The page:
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Thursday, May 29 • 3:00pm - 3:30pm
(Research and Technical Studies Session) Accurate Measurement and the Quantification of Surface and Material Property Change Using New RTI and AR Techniques

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This presentation examines new open source software that will dramatically improve the accuracy of the results generated by Reflectance Transformation Imaging (RTI) and Algorithmic Rendering (AR).

RTI and AR use the same set of empirically captured photos. This photo set is acquired with a fixed camera and subject. Each photo is taken with the illumination source in a different position. The positions evenly sample incoming light directions over the surface of an imaginary hemisphere over the subject.

Cultural Heritage Imaging (CHI) and a team at Simon Frasier University (SFU) will demonstrate new ways of using RTI data. The new RTI algorithm produces colors, self-shadowing, and specular highlights that exactly match photographic ground truth. The team removes one of the photos from the RTI set and synthetically generates a new photo from the same light position. The SFU team has used many different subjects to convincingly demonstrate their synthetically built photos exactly match the attributes of the removed photo. The new algorithm can generate accurate shadows and highlights associated with any incoming light direction.

The SFU algorithm generates highly accurate surface shape information. In RTIs, surface shape information is recorded as a field of surface normals. This field represents the spatial orientations of the subject’s surface at the locations corresponding to the photo’s pixels, which represent it. This orientation data determines the direction of light reflectance off the surface of the imaging subject, produced by an interactively pointed virtual light.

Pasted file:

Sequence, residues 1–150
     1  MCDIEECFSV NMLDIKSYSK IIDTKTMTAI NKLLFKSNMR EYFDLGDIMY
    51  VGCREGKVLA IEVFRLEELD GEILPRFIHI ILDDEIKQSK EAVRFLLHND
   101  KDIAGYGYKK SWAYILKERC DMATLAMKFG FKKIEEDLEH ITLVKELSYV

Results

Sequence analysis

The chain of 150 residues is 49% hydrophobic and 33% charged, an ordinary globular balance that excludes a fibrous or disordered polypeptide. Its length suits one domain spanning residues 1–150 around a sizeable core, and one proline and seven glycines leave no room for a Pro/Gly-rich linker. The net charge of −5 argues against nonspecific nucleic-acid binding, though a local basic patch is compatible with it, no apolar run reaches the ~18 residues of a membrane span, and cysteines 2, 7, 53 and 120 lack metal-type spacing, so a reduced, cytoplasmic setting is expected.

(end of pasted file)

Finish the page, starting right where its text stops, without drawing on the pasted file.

The SFU research algorithm uses a radial basis function to separate shadows and highlights and weights them according to their intensity. The algorithm also creates a third set of pixels, which have neither shadows nor highlights. The normal field is calculated per pixel using the pixel samples from this third set. The calculation of normal directions can be significantly misdirected by the presence of shadowed and highlighted pixel samples. Normal direction calculations using pixel samples without shadows and highlights produce highly accurate normal fields. These normal fields accurately represent the topology of the imaging subject's surface. These normal fields can also be integrated to create full 3-D geometry representing the subject's surface.

When this geometry is measured, it will yield accurate results. Once the subject is represented in a measurable form, subsequent RTI data sets can be transformed into measurable 3-D representations, which enable the accurate quantification of surface shape change. Measurement of surface color and material characteristics, such as shininess, can also be quantified to track their changes over time.

These new tools are being integrated into existing CHI open source software for building and viewing RTI's. CHI collaborators at Princeton University are building the photometric stereo, 3-D geometry building, open source software into the AR toolkit. An overview of new features to RTI and AR tools will also be presented.

These tools have the potential to dramatically improve the quantification of change of humanity's legacy under the stewardship of the conservation community.

avatar for Mark Mudge

Mark Mudge

President, Cultural Heritage Imaging
Mark Mudge is President and co-founder of Cultural Heritage Imaging (CHI) and the current Chairman of the Board of Directors. Since decades Mark has worked in 3D information capture environments and digital photography. Together with Tom Malzbender he is a co-inventor of the Highlight... Read More →
avatar for Carla Schroer

Carla Schroer

Director, Cultural Heritage Imaging
Carla Schroer is co-founder and director of Cultural Heritage Imaging (CHI) a non-profit corporation that develops and implements imaging technologies for cultural, historic and artistic heritage and scientific research. Carla leads the training programs at CHI along with working... Read More →

avatar for Mark S. Drew

Mark S. Drew

Professor of Computing Science, Simon Fraser University
Mark S. Drew is a Professor in the School of Computing Science at Simon Fraser University in Vancouver, Canada. His background education is in Engineering Science, Mathematics, and Physics. His interests lie in the fields of image processing, color, computer vision, computer... Read More →

Mingjing Zhang

Graduate Student, Simon Fraser University

Thursday May 29, 2014 3:00pm - 3:30pm PDT
Seacliff C-D